Such innovations, and the feeling of being a cog in a calorie-distribution apparatus, are perhaps just the logical next step in the relatively short history of the American workday lunch.
For agricultural laborers, working hours were defined by daylight, and the word lunch itself meant more of a snack—“as much food as you can hold in the palm of your hand,” according to Laura Shapiro, the author of What She Ate and co-curator of the New York Public Library’s 2012 “Lunch Hour NYC” exhibition. Eating on the job as we know it emerged with industrialization in the middle of the 19th century, as lunch became designed to be gobbled in between factory shifts: It “only became the day’s third fixed meal as society urbanised and industrialised, and workers were unable to return home for dinner (always the main meal of the day) until late at night,” Edible Geography wrote in 2012.
“Sunrise and sunset mean nothing anymore. The day is about the clock,” says Shapiro of that transition from agricultural labor into manufacturing. “Your meal break is fixed. You get 15 minutes, 20 minutes, maybe half an hour. But [the bosses] want to get you back at the desk as soon as possible.”
New York, a city where work is central to the culture, was the belly of the work-meal beast, she said—“quick lunch” spots cropped up there in the late 19th century. “The idea was speed,” which led to “crush and chaos,” Shapiro says. “The whole emphasis on speed meant eating fast, and waiting as little as possible.”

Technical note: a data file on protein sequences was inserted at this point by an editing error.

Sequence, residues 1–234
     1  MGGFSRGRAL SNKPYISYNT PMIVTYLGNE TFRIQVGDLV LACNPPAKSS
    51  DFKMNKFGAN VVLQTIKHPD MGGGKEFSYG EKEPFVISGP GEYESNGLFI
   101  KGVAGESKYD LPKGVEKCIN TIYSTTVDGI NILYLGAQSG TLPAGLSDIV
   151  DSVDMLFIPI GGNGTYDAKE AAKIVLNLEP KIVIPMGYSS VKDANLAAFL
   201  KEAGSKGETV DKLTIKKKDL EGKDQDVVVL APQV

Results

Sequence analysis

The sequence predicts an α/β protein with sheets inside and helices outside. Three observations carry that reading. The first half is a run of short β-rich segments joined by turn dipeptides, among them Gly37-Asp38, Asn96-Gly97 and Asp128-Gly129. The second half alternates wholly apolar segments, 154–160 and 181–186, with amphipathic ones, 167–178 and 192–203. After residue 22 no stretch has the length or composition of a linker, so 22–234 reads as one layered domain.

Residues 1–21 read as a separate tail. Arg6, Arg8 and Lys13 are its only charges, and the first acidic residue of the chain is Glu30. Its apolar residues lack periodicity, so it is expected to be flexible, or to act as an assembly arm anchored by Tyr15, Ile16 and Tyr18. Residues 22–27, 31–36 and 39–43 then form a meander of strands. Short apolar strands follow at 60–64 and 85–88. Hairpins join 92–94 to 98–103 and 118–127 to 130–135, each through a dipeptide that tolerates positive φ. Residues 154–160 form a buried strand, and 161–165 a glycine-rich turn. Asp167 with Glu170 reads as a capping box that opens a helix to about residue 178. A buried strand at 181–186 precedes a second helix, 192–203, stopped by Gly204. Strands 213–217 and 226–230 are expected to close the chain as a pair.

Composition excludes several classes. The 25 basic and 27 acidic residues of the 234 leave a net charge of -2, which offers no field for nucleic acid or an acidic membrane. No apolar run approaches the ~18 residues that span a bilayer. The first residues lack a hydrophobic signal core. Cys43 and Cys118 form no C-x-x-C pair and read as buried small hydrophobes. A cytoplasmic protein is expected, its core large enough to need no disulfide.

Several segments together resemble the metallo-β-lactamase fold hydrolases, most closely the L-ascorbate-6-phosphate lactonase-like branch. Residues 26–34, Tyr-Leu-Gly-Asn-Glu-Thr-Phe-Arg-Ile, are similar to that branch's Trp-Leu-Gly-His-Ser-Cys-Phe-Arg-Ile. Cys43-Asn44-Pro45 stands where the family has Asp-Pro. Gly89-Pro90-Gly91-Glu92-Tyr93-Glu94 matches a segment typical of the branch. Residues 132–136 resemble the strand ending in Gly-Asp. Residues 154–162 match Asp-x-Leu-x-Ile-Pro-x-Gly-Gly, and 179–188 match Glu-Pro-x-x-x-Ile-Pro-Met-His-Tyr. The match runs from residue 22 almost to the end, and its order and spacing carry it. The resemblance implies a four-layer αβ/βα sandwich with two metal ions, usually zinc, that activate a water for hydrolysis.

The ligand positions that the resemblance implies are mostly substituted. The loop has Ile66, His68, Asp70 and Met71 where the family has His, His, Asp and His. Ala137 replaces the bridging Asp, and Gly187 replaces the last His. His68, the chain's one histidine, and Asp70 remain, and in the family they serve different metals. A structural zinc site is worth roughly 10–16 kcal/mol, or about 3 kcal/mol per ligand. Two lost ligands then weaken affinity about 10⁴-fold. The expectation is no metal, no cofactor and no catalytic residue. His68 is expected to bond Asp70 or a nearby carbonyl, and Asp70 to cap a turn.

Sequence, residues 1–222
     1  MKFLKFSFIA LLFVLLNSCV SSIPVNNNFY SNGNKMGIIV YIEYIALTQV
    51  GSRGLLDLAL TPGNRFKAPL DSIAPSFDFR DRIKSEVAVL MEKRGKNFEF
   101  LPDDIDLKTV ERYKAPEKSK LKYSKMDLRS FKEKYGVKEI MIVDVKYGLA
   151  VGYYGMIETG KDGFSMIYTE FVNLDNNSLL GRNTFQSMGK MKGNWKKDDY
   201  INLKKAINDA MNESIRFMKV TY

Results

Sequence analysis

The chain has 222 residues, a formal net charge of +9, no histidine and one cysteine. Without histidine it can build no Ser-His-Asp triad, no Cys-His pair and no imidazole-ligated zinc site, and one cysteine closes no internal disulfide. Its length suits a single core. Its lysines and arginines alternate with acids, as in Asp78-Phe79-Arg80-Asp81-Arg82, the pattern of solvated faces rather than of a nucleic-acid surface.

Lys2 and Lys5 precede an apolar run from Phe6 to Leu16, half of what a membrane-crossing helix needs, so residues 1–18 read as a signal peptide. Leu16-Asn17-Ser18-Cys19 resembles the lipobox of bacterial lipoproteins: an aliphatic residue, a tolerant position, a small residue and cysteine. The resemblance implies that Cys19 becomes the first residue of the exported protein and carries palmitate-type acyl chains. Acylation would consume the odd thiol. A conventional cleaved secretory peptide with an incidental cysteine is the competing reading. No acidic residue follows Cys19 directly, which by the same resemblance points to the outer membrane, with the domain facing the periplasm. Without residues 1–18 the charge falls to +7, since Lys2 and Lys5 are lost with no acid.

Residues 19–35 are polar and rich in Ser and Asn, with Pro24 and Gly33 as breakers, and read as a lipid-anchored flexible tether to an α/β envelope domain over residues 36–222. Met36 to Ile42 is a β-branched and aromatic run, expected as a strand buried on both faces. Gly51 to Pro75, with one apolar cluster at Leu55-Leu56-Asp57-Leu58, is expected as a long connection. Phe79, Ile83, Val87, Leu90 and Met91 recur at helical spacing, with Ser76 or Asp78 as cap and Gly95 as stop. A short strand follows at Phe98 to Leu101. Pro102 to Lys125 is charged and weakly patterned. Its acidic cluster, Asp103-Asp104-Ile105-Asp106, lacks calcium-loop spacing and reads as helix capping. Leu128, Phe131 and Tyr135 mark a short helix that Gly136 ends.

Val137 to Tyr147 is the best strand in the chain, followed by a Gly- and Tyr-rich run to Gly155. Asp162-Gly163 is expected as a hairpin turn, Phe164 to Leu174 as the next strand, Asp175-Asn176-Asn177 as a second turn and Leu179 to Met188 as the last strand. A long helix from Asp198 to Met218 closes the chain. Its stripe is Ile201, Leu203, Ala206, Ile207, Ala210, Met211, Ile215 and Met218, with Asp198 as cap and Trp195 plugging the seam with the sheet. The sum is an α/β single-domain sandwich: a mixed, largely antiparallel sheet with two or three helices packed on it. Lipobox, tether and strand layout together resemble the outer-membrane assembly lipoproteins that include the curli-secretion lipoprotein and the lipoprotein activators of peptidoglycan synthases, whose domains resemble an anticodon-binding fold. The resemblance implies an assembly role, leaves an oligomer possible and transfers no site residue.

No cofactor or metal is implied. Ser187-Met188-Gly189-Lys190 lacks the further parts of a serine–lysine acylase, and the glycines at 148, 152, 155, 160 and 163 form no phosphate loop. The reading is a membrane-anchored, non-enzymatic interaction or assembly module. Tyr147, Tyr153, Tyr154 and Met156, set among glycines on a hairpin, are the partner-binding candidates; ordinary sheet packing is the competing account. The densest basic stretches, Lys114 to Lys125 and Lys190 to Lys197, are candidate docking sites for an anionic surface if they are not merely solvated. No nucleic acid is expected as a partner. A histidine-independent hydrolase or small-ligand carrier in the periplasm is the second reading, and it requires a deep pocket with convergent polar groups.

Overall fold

The quick lunch gave way to the Automat in the early 1900s, where giant coin-operated vending machines served meatloaf and five-cent pies prepared at a central commissary and trucked to locations citywide. “It was considered clean, safe, absolutely democratic, and fast,” Shapiro says. “You could choose exactly what you wanted, and never say a word to anyone.”
The democracy of these popular urban cafeterias was in their dining area, where rich and poor sat elbow to elbow, sometimes alone, together. But the workers—many of them African American or immigrants—were hidden behind the wall of little glass cases, deliberately kept invisible.
The echoes of the Automat can be heard in today’s Sweetgreens, which Jia Tolentino describes as feeling “less like a place to eat and more like a refueling station.” In a move seemingly designed to make its restaurants feel even more like unmanned food kiosks, the company has opened an experimental incubator space in New York City dubbed Sweetgreen 3.0, equipped with digital kiosks and a hidden salad-mixing assembly line. “Here, on Park Avenue South, a patron can order via an app, walk in, approach a giant green shelf system, find their custom $15 Thai chicken bowl, and leave without interacting with a single human,” writes Ryan Sutton, reviewing the incubator in Eater. The salad servers who are available for interaction are trapped “behind a grid-like metal structure that rises toward the ceiling” and have to “chat with patrons through the grates.”
Other apps allow consumers to partially subsidize their meals by pulling their own shifts as delivery workers. Ritual, a MealPal competitor, rewards people for picking up lunch for their co-workers—while you’re out getting a chicken wrap, you earn points for picking up extras for your team. The points can be redeemed for cash, or snacks. JoyRun, which started on college campuses in 2017 and has since expanded into office-rich neighborhoods, is similar, except you can also deliver for random hungry people nearby. “Runners,” as they’re called, can ask to get tipped for their service, or not.